Hudson River Valley
Running alongside the west bank of the Hudson River, a mere 90 miles north, New York’s Ulster County and Catskills region has been a consistent favorite among city-folk seeking nature without sacrificing culture. A world of artist colonies, environmental preserves and world-class dining awaits—not to mention some of the state’s most outstanding vineyards.
Spend a carefree day winding through the Valley along the Shawangunk Wine Trail, named after the mountain range that provides the picturesque landscape of the area. The network of eleven family-owned wineries scattered across the Hudson Valley follow the fine winemaking tradition of the area’s early French Huguenot settlers. Make sure to stop at the 70-acre winery Whitecliff in Gardiner, featuring a tasting room facing the Shawangunk white cliffs. For details on individual wineries, info about special events (such as the June 17 and July 29 Food & Wine Festivals) and a map of the trail, refer to shawangunkwinetrail.com.
After a hot summer day of meandering through grape fields, catch a local theatre production or rock out at the many area live music venues in the creative capital of Ulster County—legendary Woodstock. The Maverick Concert Hall (Maverick Rd @ Rt 375, 845-679-8217, maverickconcerts.org), with its natural setting, presents classical, jazz and special events from June through September in their rustic music chapel, which is on the National Register of Historic Places.
The nearby Woodstock Playhouse (Rtes 212 & 375, 845-679-4101, woodstockplayhouse.org), the oldest continually operating summer stock theatre in the state, is another favorite arts destination. This summer, the Playhouse is pleased to debut a brand-new professional stage. See the website for their remarkably varied lineup.
Belleayre Mountain has devised a summer use for their defrosted slopes with the Belleayre Summer Concert Series (belleayremusic.com). Their 2006 season features Roseanne Cash, Isaac Hayes and the Alvin Ailey Dance Theater. A complete summer schedule is provided on their website.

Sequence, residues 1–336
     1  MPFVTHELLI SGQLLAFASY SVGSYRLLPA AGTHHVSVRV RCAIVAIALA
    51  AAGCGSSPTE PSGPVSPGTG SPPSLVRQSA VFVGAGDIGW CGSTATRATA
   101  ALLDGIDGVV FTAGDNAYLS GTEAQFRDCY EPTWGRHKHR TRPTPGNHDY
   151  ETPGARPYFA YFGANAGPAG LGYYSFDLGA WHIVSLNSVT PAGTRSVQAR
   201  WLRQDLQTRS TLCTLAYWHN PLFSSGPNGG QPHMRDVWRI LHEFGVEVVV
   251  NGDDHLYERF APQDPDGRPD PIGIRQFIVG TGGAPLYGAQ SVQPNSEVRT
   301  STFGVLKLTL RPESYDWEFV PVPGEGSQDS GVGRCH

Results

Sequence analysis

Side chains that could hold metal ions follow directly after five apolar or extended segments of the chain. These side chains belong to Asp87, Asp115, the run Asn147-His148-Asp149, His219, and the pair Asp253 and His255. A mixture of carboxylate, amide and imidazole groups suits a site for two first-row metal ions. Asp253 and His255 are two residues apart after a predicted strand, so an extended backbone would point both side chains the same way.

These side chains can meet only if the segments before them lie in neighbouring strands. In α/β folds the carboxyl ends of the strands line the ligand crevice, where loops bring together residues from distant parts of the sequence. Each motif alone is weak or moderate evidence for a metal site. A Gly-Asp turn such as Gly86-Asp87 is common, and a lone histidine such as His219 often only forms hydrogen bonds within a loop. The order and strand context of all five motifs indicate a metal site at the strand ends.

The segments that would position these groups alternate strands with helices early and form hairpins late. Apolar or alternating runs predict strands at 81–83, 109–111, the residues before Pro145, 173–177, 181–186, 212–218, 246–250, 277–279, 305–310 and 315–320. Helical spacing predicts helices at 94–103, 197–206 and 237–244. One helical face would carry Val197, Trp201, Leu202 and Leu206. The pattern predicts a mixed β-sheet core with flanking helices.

For women seeking to unleash their primal urges, the 9th Annual Catskill Mountain Womyn’s World Drum and Percussion Happen’n (June 29–July 2, drumcentral.net) is the place to be. The Happen’n is an extended weekend of multicultural community, drum workshops, technique demonstrations and performances in many traditional styles, at the Full Moon Resort (Valley View Road, Big Indian, 845-254-5117, fullmooncentral.com). for this. The 100-acre site includes a New American-fare café, outdoor concert tent, roadhouse-style music venue, campfire jam sessions and versatile accommodations from B&B-style cottages to campsites.
For a rural retreat with all the city-slicker amenities, make The Roxbury (2258 County Hwy 41, Roxbury, 607-326-7200, theroxburymotel.com) your roost. The retro-renovated motor lodge is bursting with charm and unexpected extras (including DSL, gourmet breakfast and customized packages). Mention GO NYC for a 10% discount off your stay. Also, be sure to stop in for a nightcap across the river at the sleek “family”-friendly Public Lounge (2318 County Hwy 41, 607-326-4026, publiclounge.net).
For a quick bite, locals love the Quarter Moon Café (53 Main Street, Delhi, 607-746-8886, quartermooncafe.com) or for a more entertaining evening, dine at Colony Café (22 Rock City Rd, Woodstock, 845-679-8639, colonycafe.com), with live bluegrass, spoken word or nightly DJs. For a romantic night, treat your lady to dinner at Peekamoose Restaurant & Tap Room (Rt 28, Big Indian, 845-254-8373, peekamooserestaurant.com), with a tasting menu that is purported to have aphrodisiac properties. Bon Appétit!
To get there: Ulster County is approximately a 1½–2-hour drive from NYC up I-87 N (NYS Thruway). For New Paltz: take exit 18 to Rt 299. For the Woodstock area: take exit 19 (Kingston) off I-87 N, and follow signs to Rt 28 W, then travel about 8 miles to the Woodstock turnoff—Rt 375. Adirondack Trailways (800-776-7548, trailwaysny.com) operates buses from Port Authority to various locations in Ulster County for around $40 r/t (2½ hr. ride). Enterprise-Rent-a-Car (845-485-2222, enterprise.com) has a location in nearby Poughkeepsie, which is accessible by the MTA Metro-North Railroad . They provide train station pick-ups and weekend specials.
Long Island’s East End
The North Fork region of Eastern Long Island is a pastoral wonderland and more laid-back than its counterpart, the South Fork (which includes the happenin’ Hamptons). Recently, the North Fork has become increasingly popular with LGBT urbanites seeking a slower-paced getaway. Here, the East End Gay Organization (631-324-3699, eego.org) and the North Fork Women For Women Fund (nfwfwf.org) sponsor various events throughout the summer and all year round. Don’t miss NFWFWF’s benefit on June 10, with performances by Vickie Shaw and Suede. Be sure to check their websites!